Is philanthropy, by its very nature, a threat to today’s democracy? In his November 2018 lecture for the Marshall Institute lecture series, Rob Reich shows not only how the generosity of wealthy individuals isn’t the unassailable good we think it to be but might also undermine democratic values and set back aspirations of justice.
Big philanthropy is often an exercise of power, the conversion of private assets into public influence. And it is a form of power that is largely unaccountable, often perpetual, and lavishly tax-advantaged. The affluent—and their foundations—reap vast benefits even as they influence policy without accountability. And small philanthropy, or ordinary charitable giving, can be problematic as well. Charity, it turns out, does surprisingly little to provide for those in need and sometimes worsens inequality.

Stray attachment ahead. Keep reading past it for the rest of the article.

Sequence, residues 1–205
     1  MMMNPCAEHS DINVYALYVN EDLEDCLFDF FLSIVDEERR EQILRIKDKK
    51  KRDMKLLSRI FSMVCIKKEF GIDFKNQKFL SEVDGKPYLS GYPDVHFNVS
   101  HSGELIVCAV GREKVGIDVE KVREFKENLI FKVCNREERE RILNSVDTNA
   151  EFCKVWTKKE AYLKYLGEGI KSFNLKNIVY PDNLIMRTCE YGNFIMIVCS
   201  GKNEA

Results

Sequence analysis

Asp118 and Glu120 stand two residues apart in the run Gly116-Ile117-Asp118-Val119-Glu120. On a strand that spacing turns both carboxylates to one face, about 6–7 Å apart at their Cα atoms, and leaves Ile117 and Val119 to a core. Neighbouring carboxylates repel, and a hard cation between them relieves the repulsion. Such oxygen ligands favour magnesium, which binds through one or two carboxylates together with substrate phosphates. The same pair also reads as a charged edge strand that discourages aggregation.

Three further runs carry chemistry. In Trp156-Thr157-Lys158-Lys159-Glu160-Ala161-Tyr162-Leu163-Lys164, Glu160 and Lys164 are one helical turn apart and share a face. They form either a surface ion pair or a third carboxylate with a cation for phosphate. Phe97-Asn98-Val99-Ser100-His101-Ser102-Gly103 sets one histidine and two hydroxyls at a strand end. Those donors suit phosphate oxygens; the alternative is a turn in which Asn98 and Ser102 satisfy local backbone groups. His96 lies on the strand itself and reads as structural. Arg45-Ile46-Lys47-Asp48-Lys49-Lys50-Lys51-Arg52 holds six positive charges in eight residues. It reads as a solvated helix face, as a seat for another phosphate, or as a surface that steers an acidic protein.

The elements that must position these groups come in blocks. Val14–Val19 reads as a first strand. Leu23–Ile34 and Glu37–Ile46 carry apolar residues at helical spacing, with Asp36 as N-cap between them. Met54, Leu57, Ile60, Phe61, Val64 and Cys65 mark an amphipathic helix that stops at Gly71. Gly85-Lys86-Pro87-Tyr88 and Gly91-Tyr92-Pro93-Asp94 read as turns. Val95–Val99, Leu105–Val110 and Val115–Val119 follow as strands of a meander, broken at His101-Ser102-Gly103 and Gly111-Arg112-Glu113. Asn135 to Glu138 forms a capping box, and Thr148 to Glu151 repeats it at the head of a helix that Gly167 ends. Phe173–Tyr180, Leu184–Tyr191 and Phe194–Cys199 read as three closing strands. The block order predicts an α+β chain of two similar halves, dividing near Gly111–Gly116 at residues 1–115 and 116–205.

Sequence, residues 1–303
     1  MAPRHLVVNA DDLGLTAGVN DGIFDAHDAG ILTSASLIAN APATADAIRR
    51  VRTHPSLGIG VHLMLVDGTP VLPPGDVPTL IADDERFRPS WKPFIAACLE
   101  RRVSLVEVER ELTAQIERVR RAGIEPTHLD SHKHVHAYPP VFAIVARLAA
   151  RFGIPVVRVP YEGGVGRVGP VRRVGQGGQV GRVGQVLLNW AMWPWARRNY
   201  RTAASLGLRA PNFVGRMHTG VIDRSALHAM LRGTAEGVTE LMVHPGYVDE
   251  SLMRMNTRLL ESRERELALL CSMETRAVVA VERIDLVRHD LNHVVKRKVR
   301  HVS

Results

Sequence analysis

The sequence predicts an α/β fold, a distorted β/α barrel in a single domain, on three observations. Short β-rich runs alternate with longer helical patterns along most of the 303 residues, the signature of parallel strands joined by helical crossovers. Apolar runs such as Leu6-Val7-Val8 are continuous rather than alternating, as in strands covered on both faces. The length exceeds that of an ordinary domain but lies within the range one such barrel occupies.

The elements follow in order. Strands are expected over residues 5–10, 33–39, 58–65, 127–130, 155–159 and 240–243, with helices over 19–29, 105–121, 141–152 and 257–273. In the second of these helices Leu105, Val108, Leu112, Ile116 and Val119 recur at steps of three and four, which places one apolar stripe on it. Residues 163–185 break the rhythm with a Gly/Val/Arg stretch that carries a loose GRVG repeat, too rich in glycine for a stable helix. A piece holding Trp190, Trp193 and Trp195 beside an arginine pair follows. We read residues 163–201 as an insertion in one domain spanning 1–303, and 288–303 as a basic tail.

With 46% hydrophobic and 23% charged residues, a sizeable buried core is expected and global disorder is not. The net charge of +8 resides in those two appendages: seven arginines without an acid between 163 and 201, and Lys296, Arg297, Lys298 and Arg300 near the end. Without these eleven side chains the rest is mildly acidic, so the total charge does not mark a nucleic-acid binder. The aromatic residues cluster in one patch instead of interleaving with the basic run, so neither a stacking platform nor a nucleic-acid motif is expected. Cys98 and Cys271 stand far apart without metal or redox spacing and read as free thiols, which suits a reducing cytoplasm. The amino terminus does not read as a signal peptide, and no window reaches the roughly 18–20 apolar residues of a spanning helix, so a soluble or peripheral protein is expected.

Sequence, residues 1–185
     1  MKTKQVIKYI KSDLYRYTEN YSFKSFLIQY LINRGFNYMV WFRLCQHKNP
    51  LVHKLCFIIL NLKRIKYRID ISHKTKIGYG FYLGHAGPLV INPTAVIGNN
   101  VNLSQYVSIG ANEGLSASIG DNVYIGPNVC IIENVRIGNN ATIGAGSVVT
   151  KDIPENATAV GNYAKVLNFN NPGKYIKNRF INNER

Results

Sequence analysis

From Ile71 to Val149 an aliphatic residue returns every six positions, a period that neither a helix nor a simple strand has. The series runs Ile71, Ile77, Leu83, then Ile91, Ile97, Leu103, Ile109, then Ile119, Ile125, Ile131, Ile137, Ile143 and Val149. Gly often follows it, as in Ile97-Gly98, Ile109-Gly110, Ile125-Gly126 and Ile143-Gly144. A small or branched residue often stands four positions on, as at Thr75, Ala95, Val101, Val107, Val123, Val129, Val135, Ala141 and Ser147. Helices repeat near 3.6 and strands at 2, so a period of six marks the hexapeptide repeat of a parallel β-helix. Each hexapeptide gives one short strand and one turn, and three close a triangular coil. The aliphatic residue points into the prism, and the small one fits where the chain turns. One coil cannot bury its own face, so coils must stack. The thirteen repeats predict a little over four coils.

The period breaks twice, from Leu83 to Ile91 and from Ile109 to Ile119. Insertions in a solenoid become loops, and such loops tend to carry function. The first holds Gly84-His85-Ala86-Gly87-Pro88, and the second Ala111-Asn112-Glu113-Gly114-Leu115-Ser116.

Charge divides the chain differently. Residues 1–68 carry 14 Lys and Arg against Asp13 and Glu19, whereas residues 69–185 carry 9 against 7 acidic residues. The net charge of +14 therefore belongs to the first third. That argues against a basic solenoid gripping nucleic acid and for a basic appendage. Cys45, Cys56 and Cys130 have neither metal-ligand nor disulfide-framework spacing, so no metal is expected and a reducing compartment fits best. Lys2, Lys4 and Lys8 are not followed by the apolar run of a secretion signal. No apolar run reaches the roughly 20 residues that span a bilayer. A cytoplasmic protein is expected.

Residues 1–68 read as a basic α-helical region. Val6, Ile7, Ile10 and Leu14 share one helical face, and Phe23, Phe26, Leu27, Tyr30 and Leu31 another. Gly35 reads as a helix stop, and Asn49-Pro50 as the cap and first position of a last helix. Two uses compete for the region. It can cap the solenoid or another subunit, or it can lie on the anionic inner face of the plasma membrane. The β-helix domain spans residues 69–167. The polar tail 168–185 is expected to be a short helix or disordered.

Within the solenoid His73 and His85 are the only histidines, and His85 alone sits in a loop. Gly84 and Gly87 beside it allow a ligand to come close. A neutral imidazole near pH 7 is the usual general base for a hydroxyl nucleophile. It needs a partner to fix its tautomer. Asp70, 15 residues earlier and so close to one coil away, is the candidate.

This event marks the launch of Rob’s new book, Just Giving: Why Philanthropy Is Failing Democracy and How It Can Do Better.
Rob Reich (@robreich) is professor of political science and faculty codirector for the Stanford Center on Philanthropy and Civil Society at Stanford University. His recent books include Education, Justice, and Democracy.
The chair of this talk, Stephan Chambers, is the inaugural director of the Marshall Institute at LSE. He is also Professor in Practice at the Department of Management at LSE and Course Director for the new Executive Masters in Social Business and Entrepreneurship.